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‘I could see history disappearing’: 20 years on, man who discovered Seahenge defends excavation

PUBLISHED: 14:18 10 November 2018 | UPDATED: 15:27 10 November 2018

Wendy George's photo of Seahenge which was discovered on Holme Beach (C) Wendy George

Wendy George's photo of Seahenge which was discovered on Holme Beach (C) Wendy George

Wendy George

A celebrity archaeologist has defended the controversial excavation of Seahenge, 20 years to the day after it was discovered jutting from the sea bed at Holme, near Hunstanton.

Prof Francis Pryor, who is known for appearances on Channel 4’s Time Team and his work at Flag Fen, near Peterborough, was a speaker a conference held on Saturday to celebrate the anniversary of the emergence of the Bronze Age timber circle.

He said: “I want to put this on record. A lot of my colleagues would say that it was a terrible piece of excavation, I would suggest it was the most detailed excavation of a Bronze Age site that has ever taken place in Europe.”

The circle was found on the beach at Holme by John Lorimer late in 1998 and the name Seahenge was coined by the EDP - although the structure is not technically a henge.

The Seahenge exhibition at the Lynn Museum in King's Lynn, with curatorial assistant Dayna Woolbright. Picture: Ian BurtThe Seahenge exhibition at the Lynn Museum in King's Lynn, with curatorial assistant Dayna Woolbright. Picture: Ian Burt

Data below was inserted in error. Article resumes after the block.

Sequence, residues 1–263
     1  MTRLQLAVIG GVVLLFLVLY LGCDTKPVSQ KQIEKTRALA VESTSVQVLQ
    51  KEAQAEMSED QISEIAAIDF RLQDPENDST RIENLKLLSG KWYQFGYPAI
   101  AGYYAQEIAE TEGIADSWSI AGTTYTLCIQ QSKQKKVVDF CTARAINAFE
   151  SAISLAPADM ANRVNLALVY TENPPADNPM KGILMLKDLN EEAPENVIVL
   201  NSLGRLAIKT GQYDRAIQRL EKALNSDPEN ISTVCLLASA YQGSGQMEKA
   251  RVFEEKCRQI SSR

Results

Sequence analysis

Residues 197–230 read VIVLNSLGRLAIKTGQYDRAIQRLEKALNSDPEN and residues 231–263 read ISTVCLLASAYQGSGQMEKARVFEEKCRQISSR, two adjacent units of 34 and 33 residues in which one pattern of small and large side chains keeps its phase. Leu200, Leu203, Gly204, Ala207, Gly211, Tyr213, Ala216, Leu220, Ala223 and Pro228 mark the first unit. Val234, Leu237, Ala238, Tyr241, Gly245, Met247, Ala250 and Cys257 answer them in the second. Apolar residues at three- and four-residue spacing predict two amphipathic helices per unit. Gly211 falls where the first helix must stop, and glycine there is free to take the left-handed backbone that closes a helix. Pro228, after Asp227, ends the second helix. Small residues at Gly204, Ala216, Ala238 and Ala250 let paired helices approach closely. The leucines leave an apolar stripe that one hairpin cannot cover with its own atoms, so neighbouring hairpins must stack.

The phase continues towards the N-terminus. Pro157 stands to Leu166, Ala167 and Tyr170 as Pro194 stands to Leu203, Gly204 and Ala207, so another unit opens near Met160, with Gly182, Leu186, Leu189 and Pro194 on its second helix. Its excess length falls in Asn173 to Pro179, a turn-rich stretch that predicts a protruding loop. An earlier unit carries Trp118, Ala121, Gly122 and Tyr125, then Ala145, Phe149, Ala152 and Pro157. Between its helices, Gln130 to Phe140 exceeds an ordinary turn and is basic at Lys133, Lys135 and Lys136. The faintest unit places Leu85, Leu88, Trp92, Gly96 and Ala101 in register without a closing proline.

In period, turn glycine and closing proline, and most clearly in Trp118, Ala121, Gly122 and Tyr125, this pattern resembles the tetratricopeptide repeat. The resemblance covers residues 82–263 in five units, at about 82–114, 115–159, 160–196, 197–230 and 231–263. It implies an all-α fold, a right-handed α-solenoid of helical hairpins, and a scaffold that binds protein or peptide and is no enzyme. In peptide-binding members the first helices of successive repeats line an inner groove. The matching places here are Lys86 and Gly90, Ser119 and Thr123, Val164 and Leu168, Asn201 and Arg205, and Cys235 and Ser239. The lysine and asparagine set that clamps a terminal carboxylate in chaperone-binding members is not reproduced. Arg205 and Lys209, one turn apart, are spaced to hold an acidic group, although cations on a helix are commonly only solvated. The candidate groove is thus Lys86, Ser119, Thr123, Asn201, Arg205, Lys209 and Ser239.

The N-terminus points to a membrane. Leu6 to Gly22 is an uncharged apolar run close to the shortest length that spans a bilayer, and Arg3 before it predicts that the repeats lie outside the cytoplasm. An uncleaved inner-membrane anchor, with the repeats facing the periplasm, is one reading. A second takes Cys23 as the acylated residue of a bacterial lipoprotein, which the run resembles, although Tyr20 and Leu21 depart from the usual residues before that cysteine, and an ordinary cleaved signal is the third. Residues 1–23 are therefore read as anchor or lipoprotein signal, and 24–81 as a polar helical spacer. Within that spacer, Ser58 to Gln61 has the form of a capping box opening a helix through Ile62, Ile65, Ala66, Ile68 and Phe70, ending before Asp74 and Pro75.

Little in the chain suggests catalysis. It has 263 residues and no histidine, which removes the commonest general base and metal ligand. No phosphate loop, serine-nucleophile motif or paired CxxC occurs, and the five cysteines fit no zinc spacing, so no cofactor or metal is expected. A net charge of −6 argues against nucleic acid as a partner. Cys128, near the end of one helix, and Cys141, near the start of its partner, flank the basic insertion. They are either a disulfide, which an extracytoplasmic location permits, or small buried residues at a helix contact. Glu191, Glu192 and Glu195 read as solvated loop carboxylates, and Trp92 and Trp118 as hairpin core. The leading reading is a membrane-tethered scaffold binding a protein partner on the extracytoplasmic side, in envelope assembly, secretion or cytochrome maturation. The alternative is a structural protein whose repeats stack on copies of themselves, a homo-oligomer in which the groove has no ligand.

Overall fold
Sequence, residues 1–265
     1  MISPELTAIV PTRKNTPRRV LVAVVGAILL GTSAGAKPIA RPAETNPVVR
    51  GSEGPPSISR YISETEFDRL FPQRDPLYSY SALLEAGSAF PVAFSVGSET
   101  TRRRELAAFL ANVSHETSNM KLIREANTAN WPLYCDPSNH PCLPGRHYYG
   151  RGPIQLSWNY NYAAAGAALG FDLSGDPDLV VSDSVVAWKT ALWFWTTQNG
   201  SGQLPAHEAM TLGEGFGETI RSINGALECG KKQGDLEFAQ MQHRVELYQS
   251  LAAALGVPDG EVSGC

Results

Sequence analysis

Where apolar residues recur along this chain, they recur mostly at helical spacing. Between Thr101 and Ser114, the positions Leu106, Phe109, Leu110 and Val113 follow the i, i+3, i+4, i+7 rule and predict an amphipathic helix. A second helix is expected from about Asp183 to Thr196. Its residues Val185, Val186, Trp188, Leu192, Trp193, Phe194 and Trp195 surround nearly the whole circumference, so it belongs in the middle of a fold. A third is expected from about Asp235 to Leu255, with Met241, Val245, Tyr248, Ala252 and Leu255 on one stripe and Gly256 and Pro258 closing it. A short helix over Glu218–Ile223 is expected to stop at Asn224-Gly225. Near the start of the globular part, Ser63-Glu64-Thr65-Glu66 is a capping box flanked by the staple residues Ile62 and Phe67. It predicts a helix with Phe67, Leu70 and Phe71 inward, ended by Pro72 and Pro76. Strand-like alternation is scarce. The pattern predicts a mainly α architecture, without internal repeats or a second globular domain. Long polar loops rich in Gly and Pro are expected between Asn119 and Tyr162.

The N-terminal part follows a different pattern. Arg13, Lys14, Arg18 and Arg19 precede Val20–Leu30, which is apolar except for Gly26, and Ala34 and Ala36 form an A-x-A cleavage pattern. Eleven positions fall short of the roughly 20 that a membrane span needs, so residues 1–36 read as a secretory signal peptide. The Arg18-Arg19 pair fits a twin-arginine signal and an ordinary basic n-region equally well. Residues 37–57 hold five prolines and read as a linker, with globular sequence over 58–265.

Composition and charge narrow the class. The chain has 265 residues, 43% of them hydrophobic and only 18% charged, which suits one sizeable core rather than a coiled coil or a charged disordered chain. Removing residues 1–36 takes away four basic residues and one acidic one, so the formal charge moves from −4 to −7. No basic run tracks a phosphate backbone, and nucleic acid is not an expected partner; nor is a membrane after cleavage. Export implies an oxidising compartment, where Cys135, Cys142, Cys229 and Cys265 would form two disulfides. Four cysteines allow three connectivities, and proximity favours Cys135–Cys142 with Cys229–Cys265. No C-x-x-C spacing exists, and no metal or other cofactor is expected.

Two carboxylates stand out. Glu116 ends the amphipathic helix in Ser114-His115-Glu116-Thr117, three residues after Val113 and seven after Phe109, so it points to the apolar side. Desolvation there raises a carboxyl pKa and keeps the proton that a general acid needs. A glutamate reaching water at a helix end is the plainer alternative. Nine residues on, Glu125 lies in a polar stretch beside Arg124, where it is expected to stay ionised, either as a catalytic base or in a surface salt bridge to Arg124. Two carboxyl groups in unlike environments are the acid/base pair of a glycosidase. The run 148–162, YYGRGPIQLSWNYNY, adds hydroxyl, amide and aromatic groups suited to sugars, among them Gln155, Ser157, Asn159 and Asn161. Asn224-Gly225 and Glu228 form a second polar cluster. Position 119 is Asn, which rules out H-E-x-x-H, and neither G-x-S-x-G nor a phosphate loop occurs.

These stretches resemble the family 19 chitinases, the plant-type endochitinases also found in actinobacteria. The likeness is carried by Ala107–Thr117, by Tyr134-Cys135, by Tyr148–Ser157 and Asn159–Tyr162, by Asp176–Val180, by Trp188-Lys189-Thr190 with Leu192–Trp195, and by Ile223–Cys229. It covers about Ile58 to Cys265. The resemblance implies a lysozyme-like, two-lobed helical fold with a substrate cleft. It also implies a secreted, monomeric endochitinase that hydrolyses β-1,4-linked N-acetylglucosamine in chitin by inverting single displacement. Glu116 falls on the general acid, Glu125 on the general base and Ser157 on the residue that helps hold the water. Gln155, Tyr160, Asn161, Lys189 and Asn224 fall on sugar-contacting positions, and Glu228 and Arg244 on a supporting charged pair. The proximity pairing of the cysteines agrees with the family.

Talking of his discovery, Mr Lorimer said: “Politics seemed to come into it for a little while, which archeologists had never had before. There was a lot of controversy about the circle.

“Myself, I could see history disappearing. I wanted my kids to be able to go somewhere and see this thing. I knew it was something, it had to be.”

In 2008, a permanent exhibition featuring preserved timbers from the monument was opened at Lynn Museum, and members of the public who attended the event today visited and took part in object handling of items that Mr Lorimer has found, including the Bronze Age axe head that led to the discovery of Seahenge.

Bronze-age axe head John Lorimer found which led to he discovery of Seahenge. Photo: Emily PrinceBronze-age axe head John Lorimer found which led to he discovery of Seahenge. Photo: Emily Prince

READ MORE: Seahenge set for final resting place

Sonja Cutts, from Friday Bridge in the Fens, said: “This find is hugely significant. Maybe a concrete version could be put where the original was found?”

Mr Lorimer said: “What people have learned from Seahenge has just been phenomenal, and 20 years later I am still picking stuff up off the beach and still learning from it.

“They definitely did the right thing saving Seahenge. Put it this way, I have taken photographs of the second circle and watched that disappear, and I am afraid Seahenge would have gone long before that. I’m just so glad other generations are going to get the same thing I get from it...wow.”

The upside down tree stump that was found in the centre of the circle, which archologists say, the body would have been placed. Photo: Emily PrinceThe upside down tree stump that was found in the centre of the circle, which archologists say, the body would have been placed. Photo: Emily Prince

READ MORE: The wonder of Norfolk’s Seahenge, 20 years on from its re-discovery near Hunstanton

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